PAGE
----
Last summer, Yasmina Benazzou launched Haute Victoire, her fine jewelry collection of 18-karat gold and one-of-a-kind pieces, via her web site Hautevictoire.com. The collection is divided into various ranges. Oud D’or, done in collaboration with Moroccan actress Ghita Tazi, is designed from gold-cast actual Oud, the wood used in perfume and set with Tahitian pearls. Blanc Nocturne features braided gold and large South Sea pearls. Nacre Des Lunes is the line’s most playful and accessible range, featuring buoy-shaped charms in gold and with pave diamonds that add movement to rings, bracelets and necklaces. The shape of the charms were inspired by a vintage piece Benazzou found. “It was more like a half a sphere, and the top was in coral and onyx,” she says. “It was static, not moving. And it triggered the idea that an element like this could have a top that I could have with diamond, onyx, mother-of-pearl, turquoise, you know. And if it moves, it’s more interesting.”
Yasmina Benazzou wearing Haute Victoire. Photo Rebekah Schott.
The pieces are distinctive and clearly luxurious, and because they’re sold through Haute Victoire directly, the prices are good: $500 to $3,500. “Usually when you think of fine jewelry, you need a husband, a banker, or a lover. Or maybe the three of them,” says Celine Kaplan, the owner of public relations agency Celine Kaplan PR, who is also a creative consultant on Haute Victoire. “I think there’s a new category of jewelry and woman who is successful,” said Benazzou. “Up to $3,500, you can do it on your own. You don’t need the approval of your banker or your lover or your husband.” Born in Morocco, Benazzou lived in Indonesia and Paris for many years before moving to New York where she’s based now. She studied at Ecole de la Chambre Syndicale de la Couture Parisienne and had a career as a rug designer at Tai Ping before she decided at age 45 that she wanted to change directions. Benazzou studied gemology at Fashion Institute of Technology in preparation of launching Haute Victoire, which means High Victory in French. “I wanted something that can also be inspiring in a way ,” says Benazzou. “You know, at 45 I changed career I found creativity. It celebrates creativity, women and life.”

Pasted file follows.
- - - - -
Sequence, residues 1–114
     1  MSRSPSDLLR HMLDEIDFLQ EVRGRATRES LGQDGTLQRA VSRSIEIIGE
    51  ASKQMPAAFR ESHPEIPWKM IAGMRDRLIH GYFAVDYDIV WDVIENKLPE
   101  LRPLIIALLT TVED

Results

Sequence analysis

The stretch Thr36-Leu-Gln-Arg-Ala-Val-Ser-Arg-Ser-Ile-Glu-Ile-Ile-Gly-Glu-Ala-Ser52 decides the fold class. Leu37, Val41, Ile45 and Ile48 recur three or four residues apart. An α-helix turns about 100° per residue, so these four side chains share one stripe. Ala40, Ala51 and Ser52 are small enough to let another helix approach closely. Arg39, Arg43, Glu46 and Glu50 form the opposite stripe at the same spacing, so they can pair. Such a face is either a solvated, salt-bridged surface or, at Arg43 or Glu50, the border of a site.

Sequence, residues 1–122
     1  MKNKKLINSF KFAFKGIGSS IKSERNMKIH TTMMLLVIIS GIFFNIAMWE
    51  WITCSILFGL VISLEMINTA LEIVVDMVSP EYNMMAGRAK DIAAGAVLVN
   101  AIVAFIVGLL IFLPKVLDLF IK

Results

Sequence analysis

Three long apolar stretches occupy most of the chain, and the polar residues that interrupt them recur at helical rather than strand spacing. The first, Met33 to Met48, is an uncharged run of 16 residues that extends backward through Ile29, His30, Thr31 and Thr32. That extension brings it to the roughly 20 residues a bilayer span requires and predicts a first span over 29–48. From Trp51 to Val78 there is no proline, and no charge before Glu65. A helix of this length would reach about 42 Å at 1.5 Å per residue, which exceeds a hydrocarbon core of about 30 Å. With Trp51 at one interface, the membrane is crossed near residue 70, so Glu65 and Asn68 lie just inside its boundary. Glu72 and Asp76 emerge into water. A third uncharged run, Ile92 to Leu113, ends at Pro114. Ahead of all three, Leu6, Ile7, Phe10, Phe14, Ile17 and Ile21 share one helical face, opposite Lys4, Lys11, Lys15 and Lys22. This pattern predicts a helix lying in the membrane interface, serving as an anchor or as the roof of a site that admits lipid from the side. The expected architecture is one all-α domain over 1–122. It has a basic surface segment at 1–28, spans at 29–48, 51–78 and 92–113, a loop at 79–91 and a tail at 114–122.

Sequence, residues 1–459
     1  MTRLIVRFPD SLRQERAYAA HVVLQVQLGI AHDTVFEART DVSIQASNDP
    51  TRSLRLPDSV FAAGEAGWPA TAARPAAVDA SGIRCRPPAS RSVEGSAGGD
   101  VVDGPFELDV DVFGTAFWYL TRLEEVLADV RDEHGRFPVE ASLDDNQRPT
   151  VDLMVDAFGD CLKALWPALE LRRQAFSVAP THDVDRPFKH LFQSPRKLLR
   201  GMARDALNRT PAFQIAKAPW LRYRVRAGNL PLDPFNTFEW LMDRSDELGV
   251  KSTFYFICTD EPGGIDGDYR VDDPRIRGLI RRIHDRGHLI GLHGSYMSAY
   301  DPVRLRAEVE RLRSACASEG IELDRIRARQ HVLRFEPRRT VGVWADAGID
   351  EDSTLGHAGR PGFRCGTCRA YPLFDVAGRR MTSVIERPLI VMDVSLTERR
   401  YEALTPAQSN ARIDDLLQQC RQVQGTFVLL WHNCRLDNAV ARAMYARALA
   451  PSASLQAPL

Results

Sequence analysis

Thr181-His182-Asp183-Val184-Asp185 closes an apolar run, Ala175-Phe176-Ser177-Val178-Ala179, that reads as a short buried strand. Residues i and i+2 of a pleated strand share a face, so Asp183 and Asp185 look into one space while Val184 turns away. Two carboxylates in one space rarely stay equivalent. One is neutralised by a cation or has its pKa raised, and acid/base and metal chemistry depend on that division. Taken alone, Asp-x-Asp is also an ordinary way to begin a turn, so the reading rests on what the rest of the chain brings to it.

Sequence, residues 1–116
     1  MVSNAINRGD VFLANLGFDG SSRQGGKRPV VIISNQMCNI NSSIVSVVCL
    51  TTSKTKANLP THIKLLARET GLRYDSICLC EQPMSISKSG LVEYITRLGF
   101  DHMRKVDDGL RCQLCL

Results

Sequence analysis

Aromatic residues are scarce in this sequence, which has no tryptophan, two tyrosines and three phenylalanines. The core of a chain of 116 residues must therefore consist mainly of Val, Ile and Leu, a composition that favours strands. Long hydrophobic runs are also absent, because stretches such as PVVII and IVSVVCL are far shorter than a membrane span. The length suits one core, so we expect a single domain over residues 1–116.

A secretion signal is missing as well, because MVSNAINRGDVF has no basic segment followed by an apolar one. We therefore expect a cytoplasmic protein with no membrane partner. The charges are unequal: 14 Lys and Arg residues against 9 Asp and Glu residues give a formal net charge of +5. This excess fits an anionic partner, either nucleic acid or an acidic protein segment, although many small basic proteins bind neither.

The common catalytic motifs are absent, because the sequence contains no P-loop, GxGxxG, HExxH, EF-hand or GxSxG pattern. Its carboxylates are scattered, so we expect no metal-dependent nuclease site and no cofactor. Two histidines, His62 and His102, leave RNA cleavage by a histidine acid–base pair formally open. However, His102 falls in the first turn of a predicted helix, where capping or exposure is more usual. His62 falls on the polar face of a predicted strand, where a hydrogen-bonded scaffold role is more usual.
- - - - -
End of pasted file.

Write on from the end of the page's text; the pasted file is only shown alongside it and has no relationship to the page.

A piece from Haute Victoire.
Wholesaling is not part of the strategy for Benazzou and Kaplan. They work with a dealer in Paris, otherwise the plan is to sell Haute Victoire through the web site and private appointments in order to keep the prices relatively low and the margins high. Through word-of-mouth and paid digital marketing, traction is starting to pick up, although the idea is not to scale up immensely and go global. Benazzou says Haute Victoire is not targeting a mass millennial customer. “It’s 35-plus,” she says. “It’s for women who have already experienced luxury and realize it’s a rarity. It’s the thing that is not sold everywhere.”
Originally posted on wwd.com